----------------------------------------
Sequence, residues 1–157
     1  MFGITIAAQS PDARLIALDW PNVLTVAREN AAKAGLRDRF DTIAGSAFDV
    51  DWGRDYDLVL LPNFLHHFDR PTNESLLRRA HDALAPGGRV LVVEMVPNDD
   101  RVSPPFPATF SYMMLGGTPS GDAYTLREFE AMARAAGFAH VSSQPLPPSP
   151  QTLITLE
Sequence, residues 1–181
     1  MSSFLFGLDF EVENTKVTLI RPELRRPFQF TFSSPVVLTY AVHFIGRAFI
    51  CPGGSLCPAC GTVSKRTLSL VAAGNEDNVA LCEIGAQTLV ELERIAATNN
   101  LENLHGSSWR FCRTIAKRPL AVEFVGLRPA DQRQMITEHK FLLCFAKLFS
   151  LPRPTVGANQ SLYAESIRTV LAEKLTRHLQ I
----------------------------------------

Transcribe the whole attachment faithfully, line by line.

Sequence, residues 1–157
     1  MFGITIAAQS PDARLIALDW PNVLTVAREN AAKAGLRDRF DTIAGSAFDV
    51  DWGRDYDLVL LPNFLHHFDR PTNESLLRRA HDALAPGGRV LVVEMVPNDD
   101  RVSPPFPATF SYMMLGGTPS GDAYTLREFE AMARAAGFAH VSSQPLPPSP
   151  QTLITLE
Sequence, residues 1–181
     1  MSSFLFGLDF EVENTKVTLI RPELRRPFQF TFSSPVVLTY AVHFIGRAFI
    51  CPGGSLCPAC GTVSKRTLSL VAAGNEDNVA LCEIGAQTLV ELERIAATNN
   101  LENLHGSSWR FCRTIAKRPL AVEFVGLRPA DQRQMITEHK FLLCFAKLFS
   151  LPRPTVGANQ SLYAESIRTV LAEKLTRHLQ I